Sacred Nights: Foundation Day

Some years I write and post a lot during the Sacred Nights, when we celebrate Mystery of Antinous’ life, death, and deification. This was not one of those years. That doesn’t mean I wasn’t observing the holy days; I made some small solitary ritual at home, and I start every day with a brief journal entry that includes the phase and sign of the Moon and the holy day on the calendar.

But I was observing other things, too, this year, in the wider sense. I was observing racism and antisemitism at work. I was observing violence against elderly members of a minority religion, carried out in their place of worship on their weekly sacred day. I was observing threats to prominent members of the more liberal political party in my country, pipe bombs delivered by mail. I was observing a President who neither condemned these actions nor took responsibility for his incitement of them through his rhetoric.

I don’t think I’ve ever been so anxious, frightened, and depressed during the Sacred Nights. I took refuge in the most positive, optimistic pop culture I could find–Supergirl and Doctor Who–and when watching those shows didn’t help, I took refuge under the covers of my bed with my stuffed animals.

Meanwhile, in Brazil, a nation which is the home of many devotees of Antinous, a national leader has been elected who is overtly a Christian fascist, eager to force his brand of Catholicism on the country. Brazil’s queer, trans, and pagan citizens are even more scared than those in the U.S., and we’re pretty scared up here.

Today is Foundation Day, when Antinous’ body was found on the banks of the Nile and the local priesthood of Osiris took charge of him, recognizing that he had become a god. It is so called because Hadrian’s response to Antinous’ death, after the first wave of terrible grief, was to declare that he would build a city on the place where his beloved’s body was discovered; the discovery of Antinous’ body was the founding of Antinoopolis. Hadrian, a great builder throughout his reign, carried out his resolution and built a thriving city in memory of the Beautiful Boy; he also promoted his beloved’s cultus throughout the Empire.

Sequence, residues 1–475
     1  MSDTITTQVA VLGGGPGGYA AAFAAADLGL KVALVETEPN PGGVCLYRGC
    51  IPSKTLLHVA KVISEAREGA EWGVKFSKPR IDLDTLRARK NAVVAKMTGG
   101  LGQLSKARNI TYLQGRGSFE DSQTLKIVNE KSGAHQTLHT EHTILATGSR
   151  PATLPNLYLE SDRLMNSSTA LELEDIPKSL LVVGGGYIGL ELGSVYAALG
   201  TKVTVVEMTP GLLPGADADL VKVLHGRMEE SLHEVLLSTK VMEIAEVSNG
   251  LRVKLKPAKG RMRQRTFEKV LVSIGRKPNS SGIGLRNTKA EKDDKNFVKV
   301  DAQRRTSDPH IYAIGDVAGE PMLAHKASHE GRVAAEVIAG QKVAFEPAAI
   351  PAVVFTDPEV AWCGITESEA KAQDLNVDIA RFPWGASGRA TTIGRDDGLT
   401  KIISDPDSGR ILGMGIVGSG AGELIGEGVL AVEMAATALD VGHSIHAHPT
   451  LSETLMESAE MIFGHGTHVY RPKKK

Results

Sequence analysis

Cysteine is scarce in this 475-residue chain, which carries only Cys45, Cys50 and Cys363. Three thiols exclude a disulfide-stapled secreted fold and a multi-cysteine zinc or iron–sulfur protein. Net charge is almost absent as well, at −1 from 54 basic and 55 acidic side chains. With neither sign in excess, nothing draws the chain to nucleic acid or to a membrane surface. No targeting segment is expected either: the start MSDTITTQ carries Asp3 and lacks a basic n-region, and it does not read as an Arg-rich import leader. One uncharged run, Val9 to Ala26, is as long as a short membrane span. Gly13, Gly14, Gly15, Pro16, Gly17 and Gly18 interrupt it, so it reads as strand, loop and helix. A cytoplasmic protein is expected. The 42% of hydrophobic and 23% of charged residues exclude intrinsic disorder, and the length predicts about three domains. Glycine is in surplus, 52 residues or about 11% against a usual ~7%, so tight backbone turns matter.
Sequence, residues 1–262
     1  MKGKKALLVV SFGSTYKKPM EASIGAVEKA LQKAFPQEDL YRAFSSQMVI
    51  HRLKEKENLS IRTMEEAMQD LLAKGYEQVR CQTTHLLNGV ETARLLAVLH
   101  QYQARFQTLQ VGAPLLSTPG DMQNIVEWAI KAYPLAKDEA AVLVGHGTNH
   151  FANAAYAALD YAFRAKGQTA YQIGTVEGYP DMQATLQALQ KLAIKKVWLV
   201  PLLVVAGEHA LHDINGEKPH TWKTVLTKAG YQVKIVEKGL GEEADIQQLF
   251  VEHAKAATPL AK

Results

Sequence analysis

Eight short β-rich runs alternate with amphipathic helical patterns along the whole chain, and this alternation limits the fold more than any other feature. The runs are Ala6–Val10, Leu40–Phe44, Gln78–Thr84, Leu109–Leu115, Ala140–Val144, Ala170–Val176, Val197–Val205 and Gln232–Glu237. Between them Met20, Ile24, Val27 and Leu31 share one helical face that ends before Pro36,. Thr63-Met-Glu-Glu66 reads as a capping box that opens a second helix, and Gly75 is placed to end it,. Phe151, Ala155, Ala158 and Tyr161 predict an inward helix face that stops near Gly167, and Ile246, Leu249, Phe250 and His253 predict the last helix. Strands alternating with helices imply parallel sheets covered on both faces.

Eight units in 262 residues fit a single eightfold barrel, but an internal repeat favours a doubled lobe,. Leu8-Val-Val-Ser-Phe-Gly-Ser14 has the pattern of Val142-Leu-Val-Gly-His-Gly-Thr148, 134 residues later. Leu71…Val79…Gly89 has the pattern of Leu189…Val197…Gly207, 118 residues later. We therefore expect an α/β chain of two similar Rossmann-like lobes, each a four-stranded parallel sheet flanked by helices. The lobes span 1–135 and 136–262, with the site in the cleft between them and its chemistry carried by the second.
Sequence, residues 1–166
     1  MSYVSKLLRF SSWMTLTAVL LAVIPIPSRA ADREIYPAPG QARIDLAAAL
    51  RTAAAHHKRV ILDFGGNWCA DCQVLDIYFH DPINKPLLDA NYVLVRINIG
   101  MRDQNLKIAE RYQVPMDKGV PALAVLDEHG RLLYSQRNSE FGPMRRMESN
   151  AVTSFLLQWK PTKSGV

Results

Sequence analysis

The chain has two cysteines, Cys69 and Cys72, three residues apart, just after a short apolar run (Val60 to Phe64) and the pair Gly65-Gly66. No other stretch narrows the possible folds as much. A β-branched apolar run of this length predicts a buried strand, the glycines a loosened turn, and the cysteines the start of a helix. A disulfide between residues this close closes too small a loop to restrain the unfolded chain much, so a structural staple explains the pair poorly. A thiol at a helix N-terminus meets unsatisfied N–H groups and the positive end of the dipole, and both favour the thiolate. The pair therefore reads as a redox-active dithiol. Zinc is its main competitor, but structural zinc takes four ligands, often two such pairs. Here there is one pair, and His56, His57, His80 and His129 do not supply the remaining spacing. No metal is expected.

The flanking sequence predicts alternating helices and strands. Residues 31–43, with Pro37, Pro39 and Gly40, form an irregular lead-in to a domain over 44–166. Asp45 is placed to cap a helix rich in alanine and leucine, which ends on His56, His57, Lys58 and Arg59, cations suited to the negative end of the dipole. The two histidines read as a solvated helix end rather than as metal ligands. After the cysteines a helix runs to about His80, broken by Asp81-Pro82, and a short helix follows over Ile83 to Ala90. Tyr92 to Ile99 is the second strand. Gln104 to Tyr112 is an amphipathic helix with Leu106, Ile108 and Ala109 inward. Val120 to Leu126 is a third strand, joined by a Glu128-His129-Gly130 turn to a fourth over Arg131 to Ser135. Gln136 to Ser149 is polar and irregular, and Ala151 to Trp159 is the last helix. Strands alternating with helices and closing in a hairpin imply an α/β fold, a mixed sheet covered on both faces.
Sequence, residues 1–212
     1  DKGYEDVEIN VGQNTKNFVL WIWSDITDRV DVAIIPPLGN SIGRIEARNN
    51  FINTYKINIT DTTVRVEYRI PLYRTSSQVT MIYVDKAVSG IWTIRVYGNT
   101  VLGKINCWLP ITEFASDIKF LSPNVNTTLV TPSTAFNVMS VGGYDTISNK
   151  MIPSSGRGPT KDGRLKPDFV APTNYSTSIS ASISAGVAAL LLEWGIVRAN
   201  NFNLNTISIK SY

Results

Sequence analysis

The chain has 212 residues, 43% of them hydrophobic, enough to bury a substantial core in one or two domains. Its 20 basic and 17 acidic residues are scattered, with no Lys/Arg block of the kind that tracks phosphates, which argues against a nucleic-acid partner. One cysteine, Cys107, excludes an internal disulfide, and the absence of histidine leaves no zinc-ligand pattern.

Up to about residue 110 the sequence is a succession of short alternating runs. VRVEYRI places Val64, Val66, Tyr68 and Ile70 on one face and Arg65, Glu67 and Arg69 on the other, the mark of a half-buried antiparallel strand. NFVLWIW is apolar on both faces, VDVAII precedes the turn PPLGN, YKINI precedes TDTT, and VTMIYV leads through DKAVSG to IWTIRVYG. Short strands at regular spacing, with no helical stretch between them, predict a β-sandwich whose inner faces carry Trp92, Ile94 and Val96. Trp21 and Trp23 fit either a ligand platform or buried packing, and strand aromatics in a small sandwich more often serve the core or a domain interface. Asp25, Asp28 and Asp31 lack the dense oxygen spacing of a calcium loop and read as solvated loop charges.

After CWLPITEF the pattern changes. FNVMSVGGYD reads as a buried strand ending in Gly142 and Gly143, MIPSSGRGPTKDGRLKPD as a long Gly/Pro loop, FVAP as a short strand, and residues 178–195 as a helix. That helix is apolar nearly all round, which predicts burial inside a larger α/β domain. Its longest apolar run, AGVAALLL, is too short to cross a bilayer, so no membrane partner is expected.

History happens. The cult of Antinous was suppressed and all but forgotten like the much older cults of so many gods. The city of Antinoopolis survives only as picturesque ruins. Yet his sacred images survive; his cultus has been revived, and his city forms the shape of our sacred space in his rituals. Every year we devotees of Antinous re-found his sacred city and make it more real in the manifest world, a place where equality and friendship are paramount values and love, beauty, good health, and the arts can flourish. That, to me, is what his cultus is about.

On many holy days, Jewish people around the world make the devout wish, “Next year in Jerusalem!”, hoping to come together one day in their own city in their own land. If I may, I will borrow that sentiment and say, “This year, this place, this is Antinoopolis. This is the city of the Beautiful Boy and we are its citizens, right here, right now.” May all of us dwell in our own holy city and worship our own god in peace and joy. May it be so.